TWO EMPLOYEES HOLDING THE SAME JOB TITLE?
A Woodland Avenue ratepayer, as well as fellow blogger Bernice Paglia spoke to the related matter of whether two employees could hold the same title at the same time.

This arose because the PMUA commissioners appointed Duane Young executive director as of July 1, 2010.

Bernice rightly noted that Fire Chief Tidwell, who was recently promoted to the position, could not take the title until recently retired chief Cecil Allen had used up his accrued vacation and sick days. (This was true of my position as well when I retired.)

If indeed the Commissioners named Mr. Young as 'executive director' instead of 'interim' or 'acting', this protocol would have been violated. Though it may have been an impropriety, it hardly rises to the level of other improprieties the agency is accused of or suspected of.
BASIS OF THE ARBITRATION CLAIM?
By far the most troublesome question to Ms. London appeared to be disclosing to the public the basis for the former executives' claim, a question posed by ratepayer Bill Kruse.

Ms. London began to answer the question about the basis for the claim by saying that the agency found itself in an 'awkward' position with a 'disagreement between the parties' and that the matter was still in arbitration, adding 'I guess about half-way through'.

Mr. Kruse then asked if the matter was in 'mediation' or 'arbitration', to which Ms. London answered 'arbitration'.

She looked taken aback when Kruse then identified himself as an arbitrator, with more than 30 years experience in the field, and flatly said that the basis of the claim was not privileged information and could not be kept from the public.

He then charged that the commissioners could not give anything away without revealing to the ratepayers the basis for settling.

He ended his remarks with a jibe at the agency, saying that if he encountered a young person intent on a life of crime he would advise public service as a safer and more profitable route.

Ms. London did not give way, however, and the Commissioners shortly adjourned to an upstairs room, leaving the public in the boardroom. 'It's cold outside and we don't want to inconvenience the public', chairperson Mitchell said as they departed.
COULD THIS BE THE BASIS?
As the attendees, left behind with several PMUA employees who also were excluded from the executive session, began to chat among themselves, one proferred a story which could possibly explain the claims -- or at least that of Mr. Watson.

According to this individual, they encountered a commissioner while walking down the street one day after Watson and Ervin had left the agency, and the commissioner volunteered that Mr. Watson said he had received death threats [in connection with a workforce reduction] and was very upset about it. Further, a doctor who examined him was said to have been alarmed about his blood pressure and wanted him hospitalized. The commissioner opined that Mr. Watson stepped down because of this 'health emergency' and considered it 'work-related'.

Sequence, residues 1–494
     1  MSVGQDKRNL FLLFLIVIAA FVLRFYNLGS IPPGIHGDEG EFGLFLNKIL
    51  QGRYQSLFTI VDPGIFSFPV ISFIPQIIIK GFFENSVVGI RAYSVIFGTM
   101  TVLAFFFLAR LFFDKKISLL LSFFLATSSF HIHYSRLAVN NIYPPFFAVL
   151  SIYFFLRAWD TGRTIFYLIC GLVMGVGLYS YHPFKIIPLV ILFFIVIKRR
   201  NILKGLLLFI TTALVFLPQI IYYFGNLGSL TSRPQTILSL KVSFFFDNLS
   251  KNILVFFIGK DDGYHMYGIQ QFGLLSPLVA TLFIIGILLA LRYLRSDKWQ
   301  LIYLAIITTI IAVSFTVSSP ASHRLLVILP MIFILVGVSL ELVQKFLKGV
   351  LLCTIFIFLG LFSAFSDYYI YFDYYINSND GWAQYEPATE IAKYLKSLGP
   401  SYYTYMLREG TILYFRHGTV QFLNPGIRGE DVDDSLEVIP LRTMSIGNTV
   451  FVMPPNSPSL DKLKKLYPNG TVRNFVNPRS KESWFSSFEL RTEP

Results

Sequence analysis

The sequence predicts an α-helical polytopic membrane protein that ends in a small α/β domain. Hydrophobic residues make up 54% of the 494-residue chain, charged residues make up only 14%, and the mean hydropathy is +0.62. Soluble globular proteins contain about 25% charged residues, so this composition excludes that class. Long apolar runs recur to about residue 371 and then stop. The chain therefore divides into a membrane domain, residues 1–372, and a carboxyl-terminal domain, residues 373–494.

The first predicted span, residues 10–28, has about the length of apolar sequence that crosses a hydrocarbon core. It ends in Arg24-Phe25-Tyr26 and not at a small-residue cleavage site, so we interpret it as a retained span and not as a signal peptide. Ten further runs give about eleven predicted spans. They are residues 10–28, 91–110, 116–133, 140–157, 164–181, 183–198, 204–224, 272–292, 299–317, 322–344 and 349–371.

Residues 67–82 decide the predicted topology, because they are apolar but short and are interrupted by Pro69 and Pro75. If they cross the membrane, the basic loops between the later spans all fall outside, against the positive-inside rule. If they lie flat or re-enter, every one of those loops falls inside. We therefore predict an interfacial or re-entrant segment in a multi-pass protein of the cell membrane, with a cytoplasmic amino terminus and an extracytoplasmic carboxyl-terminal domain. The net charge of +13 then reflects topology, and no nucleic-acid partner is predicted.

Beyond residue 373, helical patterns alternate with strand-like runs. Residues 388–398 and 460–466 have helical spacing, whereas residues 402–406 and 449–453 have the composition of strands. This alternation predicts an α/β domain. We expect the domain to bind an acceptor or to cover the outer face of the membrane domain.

If true, one can wonder if this is the 'just cause' contemplated by the [conveniently inserted] additional clause in the 2010 contract.

But what about Mr. Ervin?
At any rate, the Commissioners arrived at no decision Wednesday evening and may be divided about whether to give in to the offer by Watson's and Ervin's attorney (see my previous post that outlined rumored settlement terms here) or to continue to pursue arbitration in hopes of a better deal for the ratepayers.

The ratepayers?! Now there's a novel consideration!


-- Dan Damon [follow]

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PMUA will pick up RECYCLES Thursday / Friday


Several Plainfield Today readers noted that the PMUA did not pick up recycles on Wednesday, the scheduled day.

Depending on whether your regular garbage pickup is THURSDAY or FRIDAY, you may put out your RECYCLES (blue can) along with your garbage for pickup today or tomorrow.

Councilor Williams has been told by officials at the PMUA that pickups will be made today (Thursday) and tomorrow (Friday) -- see her blog post here. (She notes she was told they were very shorthanded on Wednesday.)

Any questions, call the PMUA at (908) 226-2518.


-- Dan Damon [follow]

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Wednesday, December 28, 2011

In a new Congressional district, Plainfield boosts Holt's edge